Question of the Week – “What do you want me to do for you?” 

Our scripture this week has three requesters, who were two very different sets of people, with quite diverse attitudes. Twice in this passage Jesus takes the role of a servant and makes himself available.  

Mark 10:35-52

Then James and John, the sons of Zebedee, came to him. “Teacher,” they said, “we want you to do for us whatever we ask.” “What do you want me to do for you?” he asked. They replied, “Let one of us sit at your right and the other at your left in your glory.” “You don’t know what you are asking,” Jesus said. “Can you drink the cup I drink or be baptized with the baptism I am baptized with?” “We can,” they answered. Jesus said to them, “You will drink the cup I drink and be baptized with the baptism I am baptized with, but to sit at my right or left is not for me to grant. These places belong to those for whom they have been prepared.” When the ten heard about this, they became indignant with James and John.  Jesus called them together and said, “You know that those who are regarded as rulers of the Gentiles lord it over them, and their high officials exercise authority over them.  Not so with you. Instead, whoever wants to become great among you must be your servant, and whoever wants to be first must be slave of all. For even the Son of Man did not come to be served, but to serve, and to give his life as a ransom for many.”   Then they came to Jericho. As Jesus and his disciples, together with a large crowd, were leaving the city, a blind man, Bartimaeus (that is, the Son of Timaeus), was sitting by the roadside begging. When he heard that it was Jesus of Nazareth, he began to shout, “Jesus, Son of David, have mercy on me!” Many rebuked him and told him to be quiet, but he shouted all the more, “Son of David, have mercy on me!” Jesus stopped and said, “Call him.” So they called to the blind man, “Cheer up! On your feet! He’s calling you.”  Throwing his cloak aside, he jumped to his feet and came to Jesus.  “What do you want me to do for you?” Jesus asked him. The blind man said, “Rabbi, I want to see.”  “Go,” said Jesus, “your faith has healed you.” Immediately he received his sight and followed Jesus along the road.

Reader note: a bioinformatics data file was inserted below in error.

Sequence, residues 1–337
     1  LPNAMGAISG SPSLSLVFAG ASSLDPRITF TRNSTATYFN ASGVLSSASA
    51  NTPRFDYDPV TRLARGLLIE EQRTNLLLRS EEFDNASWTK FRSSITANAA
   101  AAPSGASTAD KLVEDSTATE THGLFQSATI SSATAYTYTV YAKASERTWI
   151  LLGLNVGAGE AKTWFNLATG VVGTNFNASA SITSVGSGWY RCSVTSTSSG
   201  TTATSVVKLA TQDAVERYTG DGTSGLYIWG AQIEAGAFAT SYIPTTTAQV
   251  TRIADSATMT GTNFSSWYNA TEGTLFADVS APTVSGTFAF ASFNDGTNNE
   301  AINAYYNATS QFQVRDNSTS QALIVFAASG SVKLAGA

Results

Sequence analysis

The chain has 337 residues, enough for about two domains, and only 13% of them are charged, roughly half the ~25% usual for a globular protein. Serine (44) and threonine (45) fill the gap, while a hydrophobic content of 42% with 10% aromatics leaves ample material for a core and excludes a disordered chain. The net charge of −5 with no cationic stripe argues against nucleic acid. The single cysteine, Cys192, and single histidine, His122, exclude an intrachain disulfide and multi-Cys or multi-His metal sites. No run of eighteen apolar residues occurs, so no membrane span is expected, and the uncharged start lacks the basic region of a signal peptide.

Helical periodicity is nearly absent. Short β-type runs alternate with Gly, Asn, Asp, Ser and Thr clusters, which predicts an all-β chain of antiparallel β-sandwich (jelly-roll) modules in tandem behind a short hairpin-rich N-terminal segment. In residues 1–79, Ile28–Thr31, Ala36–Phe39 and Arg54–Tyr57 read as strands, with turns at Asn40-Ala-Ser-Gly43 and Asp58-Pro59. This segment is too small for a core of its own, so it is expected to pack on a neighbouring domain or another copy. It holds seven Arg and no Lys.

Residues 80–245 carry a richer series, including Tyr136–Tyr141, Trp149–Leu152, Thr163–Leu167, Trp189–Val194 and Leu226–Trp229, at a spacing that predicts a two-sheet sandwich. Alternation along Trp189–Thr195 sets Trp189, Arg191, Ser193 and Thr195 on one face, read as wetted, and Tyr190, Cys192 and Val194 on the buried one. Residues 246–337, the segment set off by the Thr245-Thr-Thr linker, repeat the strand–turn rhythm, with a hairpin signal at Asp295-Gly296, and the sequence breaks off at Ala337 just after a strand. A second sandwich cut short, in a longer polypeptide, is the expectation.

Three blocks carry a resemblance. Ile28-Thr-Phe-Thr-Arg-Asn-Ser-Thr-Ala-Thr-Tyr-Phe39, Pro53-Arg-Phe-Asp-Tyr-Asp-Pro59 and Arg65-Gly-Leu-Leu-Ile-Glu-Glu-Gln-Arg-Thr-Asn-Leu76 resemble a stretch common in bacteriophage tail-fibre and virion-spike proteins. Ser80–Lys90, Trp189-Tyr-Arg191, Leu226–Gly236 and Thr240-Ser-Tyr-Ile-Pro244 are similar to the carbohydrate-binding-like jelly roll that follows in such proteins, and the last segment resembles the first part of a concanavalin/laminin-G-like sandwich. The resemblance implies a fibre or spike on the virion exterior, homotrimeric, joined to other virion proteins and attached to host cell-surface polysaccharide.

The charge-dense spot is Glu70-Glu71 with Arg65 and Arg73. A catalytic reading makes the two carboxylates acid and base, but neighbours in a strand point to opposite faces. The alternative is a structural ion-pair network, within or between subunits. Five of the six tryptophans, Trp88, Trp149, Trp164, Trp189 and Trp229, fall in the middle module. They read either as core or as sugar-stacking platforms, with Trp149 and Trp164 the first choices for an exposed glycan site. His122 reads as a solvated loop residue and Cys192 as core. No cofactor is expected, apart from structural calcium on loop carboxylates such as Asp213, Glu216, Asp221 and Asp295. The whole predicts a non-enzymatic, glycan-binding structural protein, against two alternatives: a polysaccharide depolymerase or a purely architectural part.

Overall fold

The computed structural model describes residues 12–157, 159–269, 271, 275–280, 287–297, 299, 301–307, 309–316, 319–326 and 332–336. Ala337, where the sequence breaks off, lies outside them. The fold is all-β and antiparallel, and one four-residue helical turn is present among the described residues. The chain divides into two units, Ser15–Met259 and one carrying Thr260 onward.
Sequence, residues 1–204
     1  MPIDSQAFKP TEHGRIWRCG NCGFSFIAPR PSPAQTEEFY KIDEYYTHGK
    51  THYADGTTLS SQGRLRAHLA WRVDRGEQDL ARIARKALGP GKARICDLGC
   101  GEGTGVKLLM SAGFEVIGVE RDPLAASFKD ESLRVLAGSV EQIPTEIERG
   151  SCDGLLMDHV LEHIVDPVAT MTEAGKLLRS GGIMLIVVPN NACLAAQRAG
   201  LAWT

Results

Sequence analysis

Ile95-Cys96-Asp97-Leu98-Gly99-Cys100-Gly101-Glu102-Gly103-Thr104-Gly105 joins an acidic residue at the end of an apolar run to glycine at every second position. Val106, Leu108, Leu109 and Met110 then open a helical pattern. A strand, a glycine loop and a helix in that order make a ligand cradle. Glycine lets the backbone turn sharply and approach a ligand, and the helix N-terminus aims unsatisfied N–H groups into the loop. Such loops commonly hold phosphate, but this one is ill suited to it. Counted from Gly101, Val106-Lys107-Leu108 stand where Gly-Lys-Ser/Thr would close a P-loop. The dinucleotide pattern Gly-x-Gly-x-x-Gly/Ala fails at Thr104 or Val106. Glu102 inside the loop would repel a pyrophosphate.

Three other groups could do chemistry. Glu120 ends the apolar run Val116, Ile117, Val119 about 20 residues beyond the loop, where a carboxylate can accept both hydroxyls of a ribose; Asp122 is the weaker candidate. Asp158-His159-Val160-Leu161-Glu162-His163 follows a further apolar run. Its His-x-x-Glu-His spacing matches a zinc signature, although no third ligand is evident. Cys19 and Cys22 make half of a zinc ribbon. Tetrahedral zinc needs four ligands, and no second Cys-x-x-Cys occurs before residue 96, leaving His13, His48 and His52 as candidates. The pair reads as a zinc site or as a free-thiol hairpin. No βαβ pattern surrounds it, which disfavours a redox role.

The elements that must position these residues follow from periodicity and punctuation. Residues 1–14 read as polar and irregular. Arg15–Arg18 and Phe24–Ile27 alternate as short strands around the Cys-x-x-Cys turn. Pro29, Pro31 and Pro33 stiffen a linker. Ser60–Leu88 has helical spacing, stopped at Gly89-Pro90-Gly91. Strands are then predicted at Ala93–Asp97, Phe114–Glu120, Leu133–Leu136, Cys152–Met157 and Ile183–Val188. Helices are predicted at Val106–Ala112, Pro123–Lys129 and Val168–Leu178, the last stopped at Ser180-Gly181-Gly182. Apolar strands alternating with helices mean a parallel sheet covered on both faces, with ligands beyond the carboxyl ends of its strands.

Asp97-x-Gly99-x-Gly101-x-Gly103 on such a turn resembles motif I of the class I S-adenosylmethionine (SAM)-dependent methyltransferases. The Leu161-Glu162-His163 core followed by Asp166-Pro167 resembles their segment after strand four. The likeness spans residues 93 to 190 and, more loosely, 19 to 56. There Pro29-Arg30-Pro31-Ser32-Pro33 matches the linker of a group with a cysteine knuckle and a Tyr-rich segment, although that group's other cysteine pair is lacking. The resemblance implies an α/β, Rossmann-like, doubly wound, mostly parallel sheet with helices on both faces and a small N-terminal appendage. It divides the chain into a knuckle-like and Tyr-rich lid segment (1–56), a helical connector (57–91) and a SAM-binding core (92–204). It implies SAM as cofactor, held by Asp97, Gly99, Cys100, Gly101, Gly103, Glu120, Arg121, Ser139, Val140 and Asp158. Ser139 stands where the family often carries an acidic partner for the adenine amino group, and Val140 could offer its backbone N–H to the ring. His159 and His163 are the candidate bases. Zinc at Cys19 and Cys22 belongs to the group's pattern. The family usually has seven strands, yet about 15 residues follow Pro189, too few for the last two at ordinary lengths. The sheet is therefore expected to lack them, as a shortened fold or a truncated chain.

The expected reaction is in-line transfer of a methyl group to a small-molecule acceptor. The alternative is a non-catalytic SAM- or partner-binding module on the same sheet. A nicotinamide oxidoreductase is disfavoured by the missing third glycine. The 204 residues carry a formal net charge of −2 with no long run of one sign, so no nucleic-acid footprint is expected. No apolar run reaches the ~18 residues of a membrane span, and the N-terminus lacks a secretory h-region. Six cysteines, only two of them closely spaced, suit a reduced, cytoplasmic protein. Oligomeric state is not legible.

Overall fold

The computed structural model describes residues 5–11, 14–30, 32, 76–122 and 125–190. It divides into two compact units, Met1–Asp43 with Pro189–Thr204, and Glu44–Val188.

If you remember, last week Jesus asked the question, “Who is my mother?  Who are my brothers?”  And he answered his own question right away.  This week, after the three requesters approach him, Jesus asks, “What do you want me to do for you?”  And then he waits for their response.

The disciples, James & John, had been following Jesus and recognized that in some sense He was the Messiah (they have some vision), but it seems their spiritual sight was still greatly impaired.  How in the world should the request made in verses 35-36 be answered?   Is there anywhere in your life where you have a similar attitude when you pray?  What sort of unreasonable requests do we sometimes ask of God?  In what ways do we vie for power and authority? What value did Jesus place on serving? On status? On greatness? 

Ironically, it seems Bartimaeus, the blind beggar, is the one who has clear spiritual vision. Seeing his need for Jesus to have mercy on him and knowing that Jesus alone could meet his need, Bartimaeus is ready to believe in Jesus at all costs with humble, desperate, dependent, and persistent faith—and in “seeing” Jesus, he follows Him.   Have you ever cried loudly for Jesus to have mercy on you? 

The disciples’ and Bartimaeus’ conversations lead us deep into Jesus’ way of teaching, starting with the sort of untamed desire that lies behind many of our prayers when we ask for things to go our way.  In prayer there is much “throwing our cloaks aside”…much letting-go. We hand over disappointments, hurts and grief as best we can to Jesus who loves us and gives much more in return…when he asks, “What do you want me to do for you?”

I look forward to sharing more with you on Sunday.  Hope to see you then!

Pastor Connie